Some commentators made the point that particularly in terms of her new found misogyny and apparent self-loathing, Tay was an apt reflection of the industry which spawned her, given that the technology and IT industries remains predominantly male and prone to poorly judged manifestations of this (if not out and out sexism). This raises the further important question, which I hinted at earlier, of the extent to which algorithms also reflect the tendencies of their makers in very unintended ways. If code is effectively the DNA of an algorithm, it’s going to become increasingly important to consider whether a developer’s own biases and prejudices might be embedded in various ways into the code they write and algorithm which is the result. In spheres like policing, defence and surveillance where the use of algorithms and in particular computer vision is making dramatic advances, the implications of this question are potentially enormous. If powerful institutions start to increasingly develop and deploy their own algorithms, we need as a public to question the extent to which institutional politics (for example institutionalised racism) could become incalculated into these technologies in the process. While recognising the huge benefits these technologies may bring we need to carefully consider and perhaps start to counter the narratives which regard algorithms and AI as essentially neutral and lacking the prejudices of the humans they are starting to replace. What I think we need to start asking with more and more urgency is if man gazes into the algorithm, what happens when the algorithm gazes back into man?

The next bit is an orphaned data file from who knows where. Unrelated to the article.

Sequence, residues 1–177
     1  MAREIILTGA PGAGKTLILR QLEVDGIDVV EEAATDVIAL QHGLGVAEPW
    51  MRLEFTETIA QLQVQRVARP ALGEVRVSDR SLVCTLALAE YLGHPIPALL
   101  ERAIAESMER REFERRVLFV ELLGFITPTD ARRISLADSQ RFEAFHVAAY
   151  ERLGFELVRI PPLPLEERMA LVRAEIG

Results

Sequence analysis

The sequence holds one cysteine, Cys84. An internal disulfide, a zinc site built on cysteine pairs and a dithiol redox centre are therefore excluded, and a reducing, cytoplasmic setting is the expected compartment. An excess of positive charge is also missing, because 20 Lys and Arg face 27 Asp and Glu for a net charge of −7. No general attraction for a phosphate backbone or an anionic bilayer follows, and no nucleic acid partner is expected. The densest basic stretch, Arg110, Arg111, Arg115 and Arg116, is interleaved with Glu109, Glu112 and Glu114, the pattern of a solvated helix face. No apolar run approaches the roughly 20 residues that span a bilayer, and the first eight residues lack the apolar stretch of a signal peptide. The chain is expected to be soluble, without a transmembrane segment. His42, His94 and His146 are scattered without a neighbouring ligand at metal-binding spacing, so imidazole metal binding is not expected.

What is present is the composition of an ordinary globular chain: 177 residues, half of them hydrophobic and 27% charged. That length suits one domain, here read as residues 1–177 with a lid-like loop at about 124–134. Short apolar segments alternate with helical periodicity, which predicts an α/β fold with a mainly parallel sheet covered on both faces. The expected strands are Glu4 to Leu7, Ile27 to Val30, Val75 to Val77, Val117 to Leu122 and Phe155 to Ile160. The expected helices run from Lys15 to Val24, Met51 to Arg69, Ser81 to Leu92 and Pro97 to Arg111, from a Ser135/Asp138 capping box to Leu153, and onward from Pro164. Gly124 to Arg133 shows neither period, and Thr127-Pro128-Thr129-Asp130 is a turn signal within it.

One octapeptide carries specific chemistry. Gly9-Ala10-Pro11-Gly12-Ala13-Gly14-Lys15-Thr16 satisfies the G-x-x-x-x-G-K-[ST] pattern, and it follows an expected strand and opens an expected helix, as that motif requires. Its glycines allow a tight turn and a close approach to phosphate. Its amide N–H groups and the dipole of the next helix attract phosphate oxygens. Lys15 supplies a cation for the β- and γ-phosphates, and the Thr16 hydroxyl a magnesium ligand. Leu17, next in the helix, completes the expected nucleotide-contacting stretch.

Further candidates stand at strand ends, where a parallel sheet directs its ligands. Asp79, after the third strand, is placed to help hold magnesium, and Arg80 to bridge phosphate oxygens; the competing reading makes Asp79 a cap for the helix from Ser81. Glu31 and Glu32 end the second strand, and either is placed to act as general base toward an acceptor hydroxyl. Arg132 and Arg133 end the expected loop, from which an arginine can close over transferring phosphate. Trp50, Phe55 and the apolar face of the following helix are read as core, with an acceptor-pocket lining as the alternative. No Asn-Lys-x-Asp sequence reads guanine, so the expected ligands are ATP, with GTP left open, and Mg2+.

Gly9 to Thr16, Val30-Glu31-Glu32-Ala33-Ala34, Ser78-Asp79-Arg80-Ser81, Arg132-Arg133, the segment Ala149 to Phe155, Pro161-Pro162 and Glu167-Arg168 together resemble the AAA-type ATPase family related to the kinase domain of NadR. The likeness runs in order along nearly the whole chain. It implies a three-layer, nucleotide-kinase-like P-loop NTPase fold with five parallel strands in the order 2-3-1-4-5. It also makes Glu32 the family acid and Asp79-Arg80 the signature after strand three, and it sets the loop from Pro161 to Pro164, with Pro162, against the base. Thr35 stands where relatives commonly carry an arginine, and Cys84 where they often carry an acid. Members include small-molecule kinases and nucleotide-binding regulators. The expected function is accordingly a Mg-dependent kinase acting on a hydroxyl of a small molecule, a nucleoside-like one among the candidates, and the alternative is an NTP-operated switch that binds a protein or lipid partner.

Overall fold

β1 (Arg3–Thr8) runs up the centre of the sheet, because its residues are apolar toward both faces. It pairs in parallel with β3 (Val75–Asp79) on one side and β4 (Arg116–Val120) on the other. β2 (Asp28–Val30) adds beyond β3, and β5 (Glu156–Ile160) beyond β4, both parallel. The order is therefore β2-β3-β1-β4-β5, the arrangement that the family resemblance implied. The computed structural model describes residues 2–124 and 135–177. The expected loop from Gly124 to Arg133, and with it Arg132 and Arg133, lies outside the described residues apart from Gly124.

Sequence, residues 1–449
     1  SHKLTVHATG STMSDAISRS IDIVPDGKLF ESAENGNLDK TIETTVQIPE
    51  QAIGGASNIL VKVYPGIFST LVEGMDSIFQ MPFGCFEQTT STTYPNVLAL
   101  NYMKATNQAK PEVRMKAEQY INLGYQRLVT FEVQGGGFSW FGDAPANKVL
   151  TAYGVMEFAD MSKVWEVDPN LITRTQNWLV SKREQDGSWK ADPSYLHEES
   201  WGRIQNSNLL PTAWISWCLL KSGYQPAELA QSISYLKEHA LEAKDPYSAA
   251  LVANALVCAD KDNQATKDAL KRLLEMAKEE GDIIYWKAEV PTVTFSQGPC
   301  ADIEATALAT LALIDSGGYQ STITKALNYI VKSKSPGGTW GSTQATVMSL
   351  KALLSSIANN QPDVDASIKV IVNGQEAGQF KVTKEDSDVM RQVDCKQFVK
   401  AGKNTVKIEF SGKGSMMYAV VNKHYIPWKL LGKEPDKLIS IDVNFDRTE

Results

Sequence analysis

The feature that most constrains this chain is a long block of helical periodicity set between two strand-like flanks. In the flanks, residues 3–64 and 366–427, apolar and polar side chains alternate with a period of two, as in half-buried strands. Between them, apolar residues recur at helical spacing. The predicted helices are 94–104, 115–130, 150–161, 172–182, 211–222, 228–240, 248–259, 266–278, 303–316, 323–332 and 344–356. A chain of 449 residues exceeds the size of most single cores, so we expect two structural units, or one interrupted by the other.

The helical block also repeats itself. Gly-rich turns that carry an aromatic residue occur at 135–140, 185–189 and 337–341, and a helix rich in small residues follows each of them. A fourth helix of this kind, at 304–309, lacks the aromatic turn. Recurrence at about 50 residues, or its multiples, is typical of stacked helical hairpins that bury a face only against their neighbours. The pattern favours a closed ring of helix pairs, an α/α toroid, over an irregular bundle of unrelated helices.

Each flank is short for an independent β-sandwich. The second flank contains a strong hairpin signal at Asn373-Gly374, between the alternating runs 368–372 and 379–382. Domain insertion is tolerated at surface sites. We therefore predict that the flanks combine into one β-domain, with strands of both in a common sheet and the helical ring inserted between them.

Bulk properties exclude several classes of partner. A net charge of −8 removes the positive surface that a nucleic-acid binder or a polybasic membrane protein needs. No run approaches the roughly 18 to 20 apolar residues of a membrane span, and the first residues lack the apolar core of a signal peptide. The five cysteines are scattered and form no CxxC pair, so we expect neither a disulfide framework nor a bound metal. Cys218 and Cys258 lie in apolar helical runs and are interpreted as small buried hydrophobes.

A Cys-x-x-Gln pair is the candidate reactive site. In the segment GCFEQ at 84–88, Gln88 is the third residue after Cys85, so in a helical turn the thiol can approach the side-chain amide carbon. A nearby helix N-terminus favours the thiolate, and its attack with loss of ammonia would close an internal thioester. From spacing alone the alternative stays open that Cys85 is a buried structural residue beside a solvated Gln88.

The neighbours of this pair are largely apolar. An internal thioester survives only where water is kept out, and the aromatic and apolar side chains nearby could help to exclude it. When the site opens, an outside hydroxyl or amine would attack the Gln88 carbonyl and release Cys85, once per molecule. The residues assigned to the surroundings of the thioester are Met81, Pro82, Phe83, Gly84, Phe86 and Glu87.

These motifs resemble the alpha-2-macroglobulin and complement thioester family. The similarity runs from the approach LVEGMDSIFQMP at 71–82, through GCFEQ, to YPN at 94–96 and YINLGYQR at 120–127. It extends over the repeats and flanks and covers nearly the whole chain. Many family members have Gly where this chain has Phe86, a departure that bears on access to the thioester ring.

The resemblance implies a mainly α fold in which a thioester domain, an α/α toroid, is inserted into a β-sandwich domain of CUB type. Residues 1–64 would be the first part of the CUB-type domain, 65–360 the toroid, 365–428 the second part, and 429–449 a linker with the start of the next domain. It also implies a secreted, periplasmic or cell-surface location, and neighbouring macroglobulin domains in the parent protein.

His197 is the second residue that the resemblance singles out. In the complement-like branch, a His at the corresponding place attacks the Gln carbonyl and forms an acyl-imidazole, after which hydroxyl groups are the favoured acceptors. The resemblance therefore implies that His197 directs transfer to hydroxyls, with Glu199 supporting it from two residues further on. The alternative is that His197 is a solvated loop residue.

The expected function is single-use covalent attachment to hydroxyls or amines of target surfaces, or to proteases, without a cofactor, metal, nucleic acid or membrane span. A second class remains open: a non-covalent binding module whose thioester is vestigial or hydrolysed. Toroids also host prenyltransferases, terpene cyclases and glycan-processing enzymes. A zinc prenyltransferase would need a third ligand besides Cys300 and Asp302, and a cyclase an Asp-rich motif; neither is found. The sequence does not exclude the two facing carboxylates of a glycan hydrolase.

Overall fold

Liberating the Arts from Corporate Influence